The former Roxy Music star said arts and culture were worth pursuing for reasons that were not just economic and should play a central role in people’s lives in a world of rapid change.
Delivering the annual BBC Music John Peel lecture, Eno said art and culture offered “a safe place for you to have quite extreme and rather dangerous feelings”. He said the reason people embraced it was because they knew they could “switch if off”, so art had a role as a “simulator” in people’s lives.
He said that if 20 scientists were asked what they thought science did, they would mostly agree, but if 20 artists were asked what they believed art did, there would be about 15 different answers. Giving one definition, he said: “Art is everything that you don’t have to do.”
Eno said it fell outside the activities people had to do to stay alive, such as eating, and he referred to people choosing specific hairstyles as an example.
Best known as a pioneer of ambient music, he said: “We live in a culture that is changing so incredibly quickly.” He said a month in the present day saw about the same amount of change as the whole of the 14th century.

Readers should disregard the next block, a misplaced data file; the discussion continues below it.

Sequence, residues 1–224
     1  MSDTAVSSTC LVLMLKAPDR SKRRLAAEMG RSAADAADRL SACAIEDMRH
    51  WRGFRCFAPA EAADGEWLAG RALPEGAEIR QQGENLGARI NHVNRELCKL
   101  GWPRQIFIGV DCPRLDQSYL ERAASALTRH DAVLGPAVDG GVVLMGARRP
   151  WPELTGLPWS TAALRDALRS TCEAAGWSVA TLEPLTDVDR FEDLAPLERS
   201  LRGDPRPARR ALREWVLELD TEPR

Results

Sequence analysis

Due to nobody being an expert on everything, Eno said, we needed ways of “keeping in sync, of remaining coherent”, adding: “And I think that this is what culture is doing for us.” He said he saw culture as a “set of collective rituals” that everyone was engaged with.
Eno said he had heard the education secretary, Nicky Morgan, claim it was a good idea for students not to go into arts and humanities because they did not offer job prospects as good as the “Stem” subjects.
He said: “Now this word Stem is quite interesting. It stands for science, technology, engineering and mathematics – all things that I am very sympathetic to and interested in. But there’s an idea around that those are actually the important things, even the acronym gives it away – the idea of stem, the thing that’s at the centre, which everything else grows off from.
“So the idea is that those things are important. They’re part of the economic mill, and they’re part of what makes Britain great and increases our GNP and what have you.
“So I thought that attitude was part of what this comes from – this new idea of the arts as a kind of economic entity.”
He added that he should not “crucify” Morgan for this, describing her comment as “off the cuff”.
The speech, given at the British Library on Sunday night, kicked off the Radio Festival which will run at the central London venue until Tuesday.